The Writer’s Life: Should You Attend Writer’s Marketing Conferences?
My students always ask me if it is “worth” going to writing conferences. I always reply that there is nothing like actually meeting and talking to live people and that the connections you make, and the information you receive cannot be obtained any other way.
Last Thursday, Friday and Saturday I attended Author101University in Los Angeles. This is a conference that helps mostly non-fiction writers publish and market their books using Social Media.
I sat on several panels with top-level agents, publishers, editors, attorneys and Social Media experts. We discussed, from each of our unique perspectives, how best to succeed. Of course, since the focus is on the business aspects of the book, the actual writing tends to get short shrift, and is referred to as “content.”
My job is to stand up for that process of creating “content” which used to be called ”writing.” I always remind my fellow panelists and the audience that without us writers creating material, THERE IS NO BUSINESS for them to conduct.
One of the agents suggested that all writers work in a collaborative setting with input from other writers; another suggested that you have a string of “beta” readers and that the writer shape the book based on their feedback. My comment was, “This is all very good advice – but NOT at the beginning.” Every writer needs the opportunity to create a first draft for themselves, one that allows them to get the story out of their head and down on paper. A draft is not about being bad or good, marketable or not, but rather, it is an exploration. This exploration is key for two reasons: one is that it allows the possibility for true originality, and secondly, a shared creation can never be truly owned by the creator.
An editor pushed the idea of having an editor to help you turn your rough musings “into a book.” Once again, I protested, “Yes, but not before the writer has taken his or her first draft of ‘rough stuff’ and revised it.” The job of the editor has changed and, all too often, an editor has no compunctions about making suggestions that would affect the actual content instead of limiting themselves to finding the best presentation of the writer’s story. More head nods and smiles at me from the audience.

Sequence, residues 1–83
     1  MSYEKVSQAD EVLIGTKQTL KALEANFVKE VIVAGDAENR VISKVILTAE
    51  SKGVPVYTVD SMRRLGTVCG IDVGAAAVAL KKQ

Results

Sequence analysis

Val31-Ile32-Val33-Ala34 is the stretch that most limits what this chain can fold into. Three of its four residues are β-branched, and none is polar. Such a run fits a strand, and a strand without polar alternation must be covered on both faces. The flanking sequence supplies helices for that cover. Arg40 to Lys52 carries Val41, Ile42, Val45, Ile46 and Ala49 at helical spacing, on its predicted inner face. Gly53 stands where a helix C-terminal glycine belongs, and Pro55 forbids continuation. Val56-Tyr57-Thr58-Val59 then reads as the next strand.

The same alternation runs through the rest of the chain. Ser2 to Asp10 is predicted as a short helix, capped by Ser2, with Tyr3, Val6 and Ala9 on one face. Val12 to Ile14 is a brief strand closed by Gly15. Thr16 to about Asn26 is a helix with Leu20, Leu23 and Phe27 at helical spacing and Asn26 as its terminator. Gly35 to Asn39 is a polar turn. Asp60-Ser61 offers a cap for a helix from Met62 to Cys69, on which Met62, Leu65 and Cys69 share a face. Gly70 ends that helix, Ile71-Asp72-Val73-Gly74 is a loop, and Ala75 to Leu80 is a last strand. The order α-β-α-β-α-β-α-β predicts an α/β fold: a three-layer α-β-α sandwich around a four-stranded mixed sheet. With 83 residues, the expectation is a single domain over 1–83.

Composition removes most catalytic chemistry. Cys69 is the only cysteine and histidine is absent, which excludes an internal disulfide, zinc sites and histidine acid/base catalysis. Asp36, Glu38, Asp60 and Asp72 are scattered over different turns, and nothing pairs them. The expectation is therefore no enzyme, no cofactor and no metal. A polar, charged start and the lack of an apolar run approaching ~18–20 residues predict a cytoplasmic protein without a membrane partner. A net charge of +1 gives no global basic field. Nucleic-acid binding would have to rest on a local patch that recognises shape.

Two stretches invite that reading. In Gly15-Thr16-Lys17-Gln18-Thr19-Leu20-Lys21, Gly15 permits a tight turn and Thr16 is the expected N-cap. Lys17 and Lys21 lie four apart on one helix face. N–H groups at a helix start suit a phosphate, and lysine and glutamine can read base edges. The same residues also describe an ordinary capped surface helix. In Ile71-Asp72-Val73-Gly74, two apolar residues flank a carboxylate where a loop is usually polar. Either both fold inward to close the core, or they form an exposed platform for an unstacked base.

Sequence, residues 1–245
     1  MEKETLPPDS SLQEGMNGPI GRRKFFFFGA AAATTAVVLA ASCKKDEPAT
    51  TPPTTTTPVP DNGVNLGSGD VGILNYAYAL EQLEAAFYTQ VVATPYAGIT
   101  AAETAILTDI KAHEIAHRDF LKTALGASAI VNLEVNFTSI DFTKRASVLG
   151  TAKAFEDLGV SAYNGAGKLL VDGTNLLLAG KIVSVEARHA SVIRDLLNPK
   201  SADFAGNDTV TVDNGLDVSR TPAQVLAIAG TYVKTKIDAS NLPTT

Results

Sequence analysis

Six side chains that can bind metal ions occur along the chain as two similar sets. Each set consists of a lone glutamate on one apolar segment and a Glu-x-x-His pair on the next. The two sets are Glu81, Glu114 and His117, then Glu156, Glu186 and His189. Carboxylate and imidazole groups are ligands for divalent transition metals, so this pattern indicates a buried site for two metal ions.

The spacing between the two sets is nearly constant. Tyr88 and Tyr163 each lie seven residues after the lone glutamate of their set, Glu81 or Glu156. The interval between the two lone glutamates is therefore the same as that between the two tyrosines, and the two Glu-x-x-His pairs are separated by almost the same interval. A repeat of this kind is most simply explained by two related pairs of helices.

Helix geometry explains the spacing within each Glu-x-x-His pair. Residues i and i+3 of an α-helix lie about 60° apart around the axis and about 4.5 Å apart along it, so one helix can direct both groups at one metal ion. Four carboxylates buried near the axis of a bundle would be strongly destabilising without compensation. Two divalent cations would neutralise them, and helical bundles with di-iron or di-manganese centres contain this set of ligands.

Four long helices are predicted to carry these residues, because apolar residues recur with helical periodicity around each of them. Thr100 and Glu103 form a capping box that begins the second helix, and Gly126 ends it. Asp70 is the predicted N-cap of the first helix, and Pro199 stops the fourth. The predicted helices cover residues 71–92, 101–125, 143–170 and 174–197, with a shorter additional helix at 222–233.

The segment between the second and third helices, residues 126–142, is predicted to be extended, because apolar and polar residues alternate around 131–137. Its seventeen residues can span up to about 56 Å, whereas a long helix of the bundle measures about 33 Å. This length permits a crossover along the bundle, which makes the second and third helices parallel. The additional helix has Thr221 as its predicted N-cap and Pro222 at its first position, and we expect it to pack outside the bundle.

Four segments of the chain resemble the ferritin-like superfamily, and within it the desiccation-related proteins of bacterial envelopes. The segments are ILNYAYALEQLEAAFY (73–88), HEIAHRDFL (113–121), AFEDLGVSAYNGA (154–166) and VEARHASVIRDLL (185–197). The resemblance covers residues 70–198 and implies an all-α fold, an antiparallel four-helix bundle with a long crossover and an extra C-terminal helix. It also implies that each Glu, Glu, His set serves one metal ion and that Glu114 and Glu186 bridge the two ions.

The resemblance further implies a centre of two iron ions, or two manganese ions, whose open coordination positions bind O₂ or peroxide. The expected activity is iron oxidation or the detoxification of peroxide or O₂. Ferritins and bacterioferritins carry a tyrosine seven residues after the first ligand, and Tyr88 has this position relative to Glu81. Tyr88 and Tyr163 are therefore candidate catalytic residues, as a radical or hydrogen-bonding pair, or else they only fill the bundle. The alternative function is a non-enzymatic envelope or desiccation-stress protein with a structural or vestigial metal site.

Then, one of the agents offered this nugget, “Don’t worry about the writing being great.” I hid my shock and replied tartly that each and every word in a book or screenplay reflects back on the writer’s ability, and that while perfectionism is not a goal, Mark Twain once commented that the difference between using the right word and the wrong word can be the difference between “Lightning and a lightning bug.” I suggested that writers stand up to their editors to use the word they feel best expresses their story as they intended. At which point, there were more audience smiles and nods.
After the panel was over, attendees had the opportunity to “meet and greet” the panelists one-on-one for five-minute advice sessions. At the end of each five-minute period, a buzzer (!) went off and the next person sat down in the chair. In my line, the next writer waiting literally stepped forward and physically pulled the person in the chair out of it so they could sit and talk to me! I have never seen anything like it! While I was flattered, I was also unnerved. This was unfair to both the attendees and to us and I hope in the future to have them extend the time to at least 7.5 minutes. However, much was accomplished.
I am going to share my overall suggestions to the aspiring writers and hope you will find them helpful.
- Make sure the concept will appeal to an audience.
- Write your own story first before showing it to others. Don’t be so quick to get others involved.
- Tweak the work based on a consensus of opinion, not one person’s comment.
- Revise the work before going out with it.
In conclusion, attending a writer’s conference can be very informative and helpful in terms of making connections, but remember to honor yourself as the creator of your book or screenplay. Make sure you are happy with your creation before you let other people read it. Once you have shared it, look for consensus before you agree to make changes. Remember that all good writing is the result of rewriting and be prepared to do several revisions. Lastly, give the work time to process, but also use a deadline to make sure you finish it.
Professor Marilyn Horowitz
Copyright (c) 2015 by Marilyn Horowitz.